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In June 2023, the United States Supreme Court released its opinion in U.S. ex rel. Polansky v. Executive Health Resources, Inc., 143 S. Ct. 1720 (2023) (“Polansky”). Justice Kagan authored the opinion of the 8-1 decision (Justice Thomas was the sole dissenter). The C­­ourt addressed “the Government’s ability to dismiss an FCA (False Claims Act) suit over a relator’s objection.”1 As we have discussed previously, the FCA “imposes civil liability on any person who presents false of fraudulent claims for payment to the Federal Government. The statute is unusual in authorizing private parties—known as relators—to sue on the Government’s behalf.”2 This blog will discuss the Court’s opinion in Polansky and whether the Government can dismiss a suit over a relator’s objection if it does not initially intervene in the matter.

The Court begins Polansky by providing a historical overview of the FCA.3 The Court noted that “Congress gave the Government continuing rights in the action—not least the right to the lion’s share of the recovery. Most relevant here, the Government can intervene after the seal period ends, so long as it shows good cause to do so.”4 The Court summarized the main issue as “whether the Government, if it has declined to intervene during the seal period, retains yet another right: the right to dismiss a qui tam action over the relator’s objection.”5 The pertinent statutory provision, 31 United States Code section 3730(c)(2)(A) (“Subparagraph 2(A)”) does not expressly state whether the authority for the Government to dismiss “survives the Government’s decisions to let the seal period lapse without intervening.”6 Instead, it provides that “‘[t]he Government may dismiss the action notwithstanding the objections of the [relator],’ so long as the relator has received notice of the motion and an opportunity for a hearing.”7 The Court thus sought to answer whether the Government had the right to dismiss when it did not initially intervene.

The Court did not delve too deeply into the facts of the case. The Relator, Jesse Polansky, is a doctor who worked for a “company that helped hospitals bill the United States for Medicare-covered services.”8 Polansky alleged that his former employer allowed its clients to charge “inpatient rates for what should have been outpatient services.”9 The Government reviewed the matter and declined to intervene; the case “then spent years in discovery, with [the company] demanding both documents and deposition testimony from the Government.”10 Ultimately, the Government determined that the “varied burdens of the suit outweighed its potential value” and sought to dismiss the action over the relator’s objection.11 The District Court granted the Government’s request, and the court of appeals affirmed.12 The court of appeals held that the Government does have the power to dismiss an action under Subparagraph (2)(A) as long as it intervened at some time; here, the court held the Government’s “motion to dismiss was reasonably construed to include a motion to intervene[.]”13 The court further held that the proper standard a district court should utilize comes from Federal Rule of Civil Procedure 41(a) (governing voluntary dismissals in civil matters), and it found that the district court’s decision, “which was based on a ‘thorough examination’ of the interests that Rule 41 makes relevant, was not an abuse of discretion.”14 The Supreme Court granted review because there was a split among the circuit courts.15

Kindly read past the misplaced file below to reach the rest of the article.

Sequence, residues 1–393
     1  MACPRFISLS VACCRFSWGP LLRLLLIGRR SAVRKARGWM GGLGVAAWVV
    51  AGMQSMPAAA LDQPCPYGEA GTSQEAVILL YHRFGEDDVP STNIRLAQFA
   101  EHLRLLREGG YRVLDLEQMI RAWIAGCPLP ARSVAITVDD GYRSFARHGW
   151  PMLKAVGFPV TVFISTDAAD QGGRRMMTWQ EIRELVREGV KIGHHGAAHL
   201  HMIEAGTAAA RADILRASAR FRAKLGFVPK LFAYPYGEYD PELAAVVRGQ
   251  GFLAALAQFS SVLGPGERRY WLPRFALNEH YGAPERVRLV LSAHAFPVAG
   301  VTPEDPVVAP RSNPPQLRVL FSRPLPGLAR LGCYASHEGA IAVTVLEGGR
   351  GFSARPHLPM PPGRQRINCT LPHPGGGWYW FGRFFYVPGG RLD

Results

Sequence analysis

The Court affirmed the court of appeals and agreed with the lower court “across the board.”16 In reaching its decision, the Court carefully reviewed the pertinent statutory provisions. The Court determined that “Congress decided not to make seal-period intervention an on-off switch” and that “Congress enabled the Government, in the protection of its own interests, to reassess qui tam actions and change its mind.”17 Regarding the standard courts should utilize to assess the Government’s motion to dismiss, the Court held that courts should “assess a (2)(A) motion to dismiss using Rule 41’s standards.”18 The Court noted that the FCA references the Federal Rules of Civil Procedure, providing support for the position that the Rules apply.19 In the FCA context, courts must provide notice and an opportunity for a hearing before a (2)(A) dismissal can take place.20 Furthermore, courts must consider the relator’s interests as well as the Government’s.21 The Court did hold, however, that “the Government’s views are entitled to substantial deference” in the FCA context.22 Here, the Court held the case was “not a close call” and that the district court did not abuse its discretion in granting the Government’s motion to dismiss.23

The Polansky decision provides valuable guidance for Relators and counsel and should be kept in mind when considering pursuing a qui tam action. If you have any questions or concerns regarding this topic, or any topic related to labor and employment law, please contact us.

1 Polansky, 599 U.S. at 1726

2 Id. at 1726; see Don’t Cross Uncle Sam: A Brief Overview of the False Claims Act (May 16, 2022), available at, and Case Law Update: The United States Supreme Court Provides Guidance on the False Claims Act, available at (July 31, 2024) (last visited Jan. 11, 2024).

3 Id. at 1727.

4 Id. at 1728 (citation omitted).

5 Id.

6 Id.

7 Id. (quoting Subparagraph 2(A)).

8 Id. at 1729.

9 Id.

10 Id.

11 Id.

12 Id.

13 Id.

14 Id. at 1730.

15 Id.

16 Id.

17 Id. at 1733.

18 Id.

19 Id.

20 Id. at 1734.

21 Id.

22 Id.

23 Id. at 1734-35.


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